Underwater Domain Awareness (UDA) Framework for Sediment Management
By Rishika Khanna
Sediment management refers to the holistic management of sediment supply from rivers to coast taking into account the full range of human activities as well as sediment trapping by dams. Siltation and soil erosion is a natural process required to maintain a balance between source and sink. However, interference from anthropogenic activities causes disbalance in the process leading to significant increase in siltation rate. Water reservoirs, inland navigation systems, harbour basins, fisheries and ground water sources are the most effected from accumulating sediments. Suspended sediment affects light penetration and degree to which it is blocked is known as turbidity. With increasing turbidity, visibility or clarity decreases due to scattering of sunlight by the suspended particles making it difficult for visual feeding animals and suppressing the growth of algae and macrophytes. Rapid siltation also increases soil salinity and sediment deposits are known to cover the spawning sites of fish which interferes with their life cycle. In inland waterways, sediment deposits, in form of deltas, causes channel logging. Many rivers change their course due to sedimentation making them difficult to navigate. In water reservoirs storage loss is a major issue. In India, 0.95% of gross reservoir storage is lost annually to sediment deposition. Additionally, blockage of tunnels and spillways as well as damage of turbines and equipment from erosion are other problems faced by reservoirs due to siltation. Harbour basins also regularly deal with coastal erosion. A common practice for siltation management in coastal regions is marine dredging. However, lack of dumping sites and expensive equipment pose limitations and need to be tackled professionally. With 5,202 large dams and many more small dams and barrages, 111 Inland National Waterways worth 20,275 kms spread across 24 states and a total coastline length of 7516.6 km, India’s involvement in hydro projects is huge and the above mentioned problems scale up significantly causing enormous costs to the national economy. Therefore, it is critical to develop a framework for sediment management arises which could be employed before every water based project.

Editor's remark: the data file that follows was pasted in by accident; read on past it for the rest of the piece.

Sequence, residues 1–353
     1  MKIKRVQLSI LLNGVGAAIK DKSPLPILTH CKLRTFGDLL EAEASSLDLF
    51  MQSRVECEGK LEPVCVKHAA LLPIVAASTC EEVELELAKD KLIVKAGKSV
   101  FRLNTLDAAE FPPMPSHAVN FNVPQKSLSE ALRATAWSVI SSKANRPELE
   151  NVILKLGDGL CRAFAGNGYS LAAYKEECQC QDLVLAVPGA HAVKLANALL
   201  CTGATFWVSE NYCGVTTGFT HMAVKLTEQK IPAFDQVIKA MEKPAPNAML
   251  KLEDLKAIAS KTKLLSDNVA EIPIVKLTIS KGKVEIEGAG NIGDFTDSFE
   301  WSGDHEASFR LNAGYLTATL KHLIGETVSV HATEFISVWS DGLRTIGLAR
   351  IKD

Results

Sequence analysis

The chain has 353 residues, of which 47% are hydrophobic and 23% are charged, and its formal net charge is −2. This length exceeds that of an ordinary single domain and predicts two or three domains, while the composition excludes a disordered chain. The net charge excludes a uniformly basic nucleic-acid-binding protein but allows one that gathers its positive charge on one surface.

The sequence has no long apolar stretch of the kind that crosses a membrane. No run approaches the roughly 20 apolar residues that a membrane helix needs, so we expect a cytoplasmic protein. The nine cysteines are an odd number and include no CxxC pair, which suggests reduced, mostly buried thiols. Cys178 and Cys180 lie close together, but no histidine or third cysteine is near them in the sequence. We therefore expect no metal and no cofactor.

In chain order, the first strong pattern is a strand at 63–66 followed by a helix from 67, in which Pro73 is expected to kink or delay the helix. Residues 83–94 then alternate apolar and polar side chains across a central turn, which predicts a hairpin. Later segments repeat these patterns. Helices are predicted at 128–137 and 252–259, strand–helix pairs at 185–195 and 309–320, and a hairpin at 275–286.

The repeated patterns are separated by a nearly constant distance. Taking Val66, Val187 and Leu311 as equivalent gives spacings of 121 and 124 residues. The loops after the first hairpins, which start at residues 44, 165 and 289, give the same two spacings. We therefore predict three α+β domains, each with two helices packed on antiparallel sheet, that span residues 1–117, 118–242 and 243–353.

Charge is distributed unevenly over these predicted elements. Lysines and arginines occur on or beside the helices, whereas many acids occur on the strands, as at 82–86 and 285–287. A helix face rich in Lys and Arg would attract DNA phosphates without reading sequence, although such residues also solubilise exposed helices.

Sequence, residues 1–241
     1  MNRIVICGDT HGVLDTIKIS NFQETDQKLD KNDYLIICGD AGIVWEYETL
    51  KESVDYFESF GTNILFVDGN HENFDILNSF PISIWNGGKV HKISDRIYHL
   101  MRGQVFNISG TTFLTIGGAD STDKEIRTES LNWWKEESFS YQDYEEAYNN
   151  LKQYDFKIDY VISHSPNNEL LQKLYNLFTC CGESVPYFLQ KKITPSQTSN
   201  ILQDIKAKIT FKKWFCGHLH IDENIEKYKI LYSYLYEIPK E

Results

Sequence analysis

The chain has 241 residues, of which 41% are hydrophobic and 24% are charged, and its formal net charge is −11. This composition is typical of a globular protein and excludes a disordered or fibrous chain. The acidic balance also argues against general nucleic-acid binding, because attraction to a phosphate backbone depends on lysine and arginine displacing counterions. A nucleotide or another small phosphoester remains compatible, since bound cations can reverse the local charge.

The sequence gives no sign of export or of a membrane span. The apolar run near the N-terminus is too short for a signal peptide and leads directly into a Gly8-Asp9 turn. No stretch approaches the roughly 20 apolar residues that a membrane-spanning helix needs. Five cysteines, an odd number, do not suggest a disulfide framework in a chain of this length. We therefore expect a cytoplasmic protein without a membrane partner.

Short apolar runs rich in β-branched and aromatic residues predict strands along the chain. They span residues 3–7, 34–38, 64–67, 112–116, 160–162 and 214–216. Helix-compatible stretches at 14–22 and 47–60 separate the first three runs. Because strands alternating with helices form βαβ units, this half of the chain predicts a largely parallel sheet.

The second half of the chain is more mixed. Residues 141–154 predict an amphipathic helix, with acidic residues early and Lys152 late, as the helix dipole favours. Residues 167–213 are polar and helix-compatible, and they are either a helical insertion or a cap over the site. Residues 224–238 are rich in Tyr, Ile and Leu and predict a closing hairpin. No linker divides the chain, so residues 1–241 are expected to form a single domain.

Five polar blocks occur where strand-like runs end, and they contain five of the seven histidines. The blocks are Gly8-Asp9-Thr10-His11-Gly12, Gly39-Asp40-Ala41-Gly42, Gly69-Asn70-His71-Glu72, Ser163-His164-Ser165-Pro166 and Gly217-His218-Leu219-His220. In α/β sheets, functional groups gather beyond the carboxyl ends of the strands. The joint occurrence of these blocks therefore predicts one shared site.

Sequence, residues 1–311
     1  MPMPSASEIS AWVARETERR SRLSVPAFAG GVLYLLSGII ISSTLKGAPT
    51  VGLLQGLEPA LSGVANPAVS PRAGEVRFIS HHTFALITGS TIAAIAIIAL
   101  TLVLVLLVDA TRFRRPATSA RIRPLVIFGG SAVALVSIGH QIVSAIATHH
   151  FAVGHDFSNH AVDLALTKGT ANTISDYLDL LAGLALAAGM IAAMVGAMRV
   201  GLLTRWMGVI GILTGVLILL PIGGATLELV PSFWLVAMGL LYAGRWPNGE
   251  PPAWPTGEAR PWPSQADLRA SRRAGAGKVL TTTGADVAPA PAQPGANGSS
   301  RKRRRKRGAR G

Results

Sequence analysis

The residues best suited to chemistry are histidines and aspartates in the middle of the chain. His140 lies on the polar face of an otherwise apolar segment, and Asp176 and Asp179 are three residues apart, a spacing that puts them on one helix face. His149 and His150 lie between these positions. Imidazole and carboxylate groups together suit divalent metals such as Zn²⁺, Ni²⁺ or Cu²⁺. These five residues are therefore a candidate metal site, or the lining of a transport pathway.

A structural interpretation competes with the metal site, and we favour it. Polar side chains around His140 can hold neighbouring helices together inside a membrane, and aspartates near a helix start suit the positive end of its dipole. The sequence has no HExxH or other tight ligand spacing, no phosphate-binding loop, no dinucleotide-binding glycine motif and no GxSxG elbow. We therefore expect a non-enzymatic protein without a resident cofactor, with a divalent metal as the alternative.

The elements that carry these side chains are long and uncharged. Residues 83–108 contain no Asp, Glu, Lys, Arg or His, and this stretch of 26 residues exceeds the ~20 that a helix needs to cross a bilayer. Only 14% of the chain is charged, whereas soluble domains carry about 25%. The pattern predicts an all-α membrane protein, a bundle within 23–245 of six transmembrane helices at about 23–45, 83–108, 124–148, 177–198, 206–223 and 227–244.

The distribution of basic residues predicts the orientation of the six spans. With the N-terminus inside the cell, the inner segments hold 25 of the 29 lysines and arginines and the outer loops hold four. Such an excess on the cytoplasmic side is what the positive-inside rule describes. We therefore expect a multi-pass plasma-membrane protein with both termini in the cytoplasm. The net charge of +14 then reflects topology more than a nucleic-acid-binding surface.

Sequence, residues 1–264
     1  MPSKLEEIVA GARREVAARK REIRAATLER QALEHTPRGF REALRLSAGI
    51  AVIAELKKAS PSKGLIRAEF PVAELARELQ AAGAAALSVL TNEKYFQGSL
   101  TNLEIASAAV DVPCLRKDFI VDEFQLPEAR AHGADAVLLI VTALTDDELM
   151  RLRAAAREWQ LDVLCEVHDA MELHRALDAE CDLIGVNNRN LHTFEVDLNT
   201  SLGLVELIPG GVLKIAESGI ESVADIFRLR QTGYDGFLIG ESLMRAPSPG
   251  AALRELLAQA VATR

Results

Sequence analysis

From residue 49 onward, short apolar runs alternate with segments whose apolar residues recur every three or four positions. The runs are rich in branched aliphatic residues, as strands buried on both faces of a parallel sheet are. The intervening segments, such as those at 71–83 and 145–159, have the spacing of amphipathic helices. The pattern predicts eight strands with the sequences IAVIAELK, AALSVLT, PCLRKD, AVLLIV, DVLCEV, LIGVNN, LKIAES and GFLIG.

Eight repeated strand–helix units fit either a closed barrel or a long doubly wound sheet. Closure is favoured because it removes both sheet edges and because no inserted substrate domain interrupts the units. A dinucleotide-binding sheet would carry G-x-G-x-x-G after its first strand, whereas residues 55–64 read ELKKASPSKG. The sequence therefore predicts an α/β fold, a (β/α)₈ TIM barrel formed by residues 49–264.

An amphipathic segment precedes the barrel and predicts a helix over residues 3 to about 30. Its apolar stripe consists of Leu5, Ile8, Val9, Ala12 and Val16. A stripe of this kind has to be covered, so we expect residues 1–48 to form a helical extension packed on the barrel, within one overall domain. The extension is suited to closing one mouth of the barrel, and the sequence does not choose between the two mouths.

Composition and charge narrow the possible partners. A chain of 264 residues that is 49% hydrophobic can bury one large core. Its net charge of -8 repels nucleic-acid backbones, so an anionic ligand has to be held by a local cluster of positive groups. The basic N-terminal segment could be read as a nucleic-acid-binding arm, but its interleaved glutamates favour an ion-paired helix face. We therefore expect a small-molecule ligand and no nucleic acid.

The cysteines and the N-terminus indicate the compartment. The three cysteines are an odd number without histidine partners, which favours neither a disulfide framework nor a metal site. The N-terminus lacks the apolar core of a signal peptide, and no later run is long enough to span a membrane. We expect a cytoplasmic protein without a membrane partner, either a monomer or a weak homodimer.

“Sediment management refers to the holistic management of sediment supply from rivers to coast taking into account the full range of human activities as well as sediment trapping by dams.”
Data Collection & Analysis:
Understanding the sediment structure of an area is important before deploying any measures to deal with the problem. The first step is collection of data pertaining to bathymetry, sediment type, seabed morphology and geochemistry. This can be done through in-situ data sampling during field surveys, aerial photography and ROV Surveys. However unfavourable topographic conditions and land cover often make conduction of complete field surveys difficult. In such scenarios, Digital Elevation Model (DEM) analysis could be used which provides 3D visualization of earth’s terrain generated from remotely sensed data that is collected by satellites, planes or drones. Satellite remote sensing provides a quick method for monitoring sedimentation in lakes/reservoirs however it fails to provide very precise information which could be deployed for effective desiltation processes. Acoustic methods like echo signal analysis, seabed acoustic imaging and sonar are upcoming alternatives for sediment mapping due to their ability of providing information in detail and better management of fluctuations.
“Understanding the sediment structure of an area is important and the first step is collection of data pertaining to bathymetry, sediment type, seabed morphology and geochemistry.”